A government entity has the right to “speak for itself.” “[I]t is entitled to say what it wishes,” and to select the views that it wants to express.

In the words of Rust v. Sullivan (1991), on which Pleasant Grove relied,

When Congress established a National Endowment for Democracy to encourage other countries to adopt democratic principles, it was not constitutionally required to fund a program to encourage competing lines of political philosophy such as communism and fascism.

And that’s true of all viewpoints that the government chooses to express, however controversial or uncontroversial.

Now when it comes to private speech that merely uses the streets, sidewalks, or parks (rather than seeking to erect permanent or semipermanent structures there), the government must indeed allow all viewpoints and indeed speech of all kinds of content (setting aside the traditionally recognized exceptions, such as true threats). “Granting waivers to favored speakers (or, more precisely, denying them to disfavored speakers) would of course be unconstitutional,” and may be declared so whenever “a pattern of unlawful favoritism appears.” (Thomas v. Chicago Park Dist. (2000).) For a good example of that, see Hoye v. City of Oakland (9th Cir. 2011), which held unconstitutional a city policy restricting speech on city sidewalks around abortion clinics; the policy was ostensibly content-neutral, but the court found that the city enforced it in an unconstitutionally content-based way:

The City’s policy of distinguishing between speech that facilitates access to clinics and speech that discourages access is not content-neutral…. “[T]he fundamental principle behind content analysis is that government may not grant the use of a forum to people whose views it finds acceptable, but deny use to those wishing to express less favored or more controversial views.” … To distinguish between speech facilitating access and speech that discourages access is necessarily to distinguish on the basis of substantive content. Asking a woman “May I help you into the clinic?” facilitates access; “May I talk to you about alternatives to abortion?” discourages it. Telling a woman, “It’s your right to have an abortion!” facilitates access; telling her, “If you have an abortion, you will regret it!” discourages it.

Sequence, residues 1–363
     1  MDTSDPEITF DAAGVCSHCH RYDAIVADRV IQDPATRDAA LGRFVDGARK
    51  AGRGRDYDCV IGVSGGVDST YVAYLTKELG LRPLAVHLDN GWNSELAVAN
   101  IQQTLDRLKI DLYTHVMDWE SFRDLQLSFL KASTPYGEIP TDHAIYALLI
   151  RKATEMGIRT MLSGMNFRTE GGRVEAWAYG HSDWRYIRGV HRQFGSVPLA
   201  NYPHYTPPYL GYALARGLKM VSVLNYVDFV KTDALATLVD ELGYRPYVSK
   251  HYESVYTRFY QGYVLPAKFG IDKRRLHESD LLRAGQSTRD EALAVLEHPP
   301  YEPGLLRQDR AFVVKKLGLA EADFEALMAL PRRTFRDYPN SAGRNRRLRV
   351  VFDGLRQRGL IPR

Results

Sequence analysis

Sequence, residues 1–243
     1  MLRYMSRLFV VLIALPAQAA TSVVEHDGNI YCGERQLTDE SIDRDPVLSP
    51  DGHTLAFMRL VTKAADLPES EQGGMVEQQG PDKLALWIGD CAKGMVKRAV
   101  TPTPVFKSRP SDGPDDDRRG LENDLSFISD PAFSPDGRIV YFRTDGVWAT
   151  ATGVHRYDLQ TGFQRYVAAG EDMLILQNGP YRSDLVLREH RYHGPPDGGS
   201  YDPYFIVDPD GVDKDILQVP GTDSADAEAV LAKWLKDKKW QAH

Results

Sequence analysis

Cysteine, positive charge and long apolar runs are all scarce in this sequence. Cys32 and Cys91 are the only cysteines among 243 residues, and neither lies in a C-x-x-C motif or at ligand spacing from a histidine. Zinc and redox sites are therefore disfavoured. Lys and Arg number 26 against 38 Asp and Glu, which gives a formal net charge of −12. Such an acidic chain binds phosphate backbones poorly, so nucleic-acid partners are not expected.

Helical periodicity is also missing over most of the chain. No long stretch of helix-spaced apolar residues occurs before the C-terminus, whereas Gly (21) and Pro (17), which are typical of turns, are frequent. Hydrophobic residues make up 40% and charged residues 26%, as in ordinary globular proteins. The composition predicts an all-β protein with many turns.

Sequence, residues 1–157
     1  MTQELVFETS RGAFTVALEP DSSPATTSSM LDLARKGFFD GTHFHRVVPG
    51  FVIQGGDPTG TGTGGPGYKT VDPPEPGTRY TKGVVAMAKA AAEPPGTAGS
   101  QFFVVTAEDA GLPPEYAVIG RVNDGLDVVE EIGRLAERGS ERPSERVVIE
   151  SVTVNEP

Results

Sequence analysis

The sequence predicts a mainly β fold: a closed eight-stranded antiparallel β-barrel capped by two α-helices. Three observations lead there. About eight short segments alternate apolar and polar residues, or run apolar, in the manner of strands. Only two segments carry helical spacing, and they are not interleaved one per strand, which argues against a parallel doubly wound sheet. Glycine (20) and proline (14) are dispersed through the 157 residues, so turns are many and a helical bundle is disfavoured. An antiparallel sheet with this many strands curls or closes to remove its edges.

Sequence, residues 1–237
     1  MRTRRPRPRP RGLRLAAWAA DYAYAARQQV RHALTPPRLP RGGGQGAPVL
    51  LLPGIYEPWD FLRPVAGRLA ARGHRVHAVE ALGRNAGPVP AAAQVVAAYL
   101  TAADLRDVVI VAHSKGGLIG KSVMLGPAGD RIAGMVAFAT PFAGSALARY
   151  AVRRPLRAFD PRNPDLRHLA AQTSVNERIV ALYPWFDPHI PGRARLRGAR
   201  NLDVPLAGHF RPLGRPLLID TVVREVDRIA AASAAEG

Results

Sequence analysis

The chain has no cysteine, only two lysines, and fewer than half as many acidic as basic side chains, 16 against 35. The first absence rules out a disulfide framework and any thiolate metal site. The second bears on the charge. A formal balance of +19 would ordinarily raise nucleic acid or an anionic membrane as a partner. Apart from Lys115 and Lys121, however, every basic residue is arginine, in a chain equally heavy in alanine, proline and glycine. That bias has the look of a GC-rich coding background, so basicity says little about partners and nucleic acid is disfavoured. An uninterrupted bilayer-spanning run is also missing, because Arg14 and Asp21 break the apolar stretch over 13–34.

But when it comes to the government’s own speech, the government can pick and choose what to say. And that includes permanent or semipermanent items on sidewalks, on streets, or in parks, such as monuments, plaques, street signs (including for streets that have ideologically laden names), traffic control signs, electronic message signs put up by the Transportation Department, or ideological messages written on the pavement.

(Read his argument in its entirety.)

–Dana

NY Planned Parenthood Disavows Margaret Sanger’s Connection To Eugenics, But Keeps Its Abortion Mill Humming Inside

Filed under: General — Dana @ 12:07 pm



[guest post by Dana]

A conveniently-timed epiphany. After all, it’s not as if pro-lifers have been pointing out the vileness of Sanger’s advocacy for eugenics for decades or anything, right?? Oh, wait, what’s that? Ah, so that’s what all that mockery and condemnation from Planned Parenthood and abortion advocates was about...

Better late than never, I guess: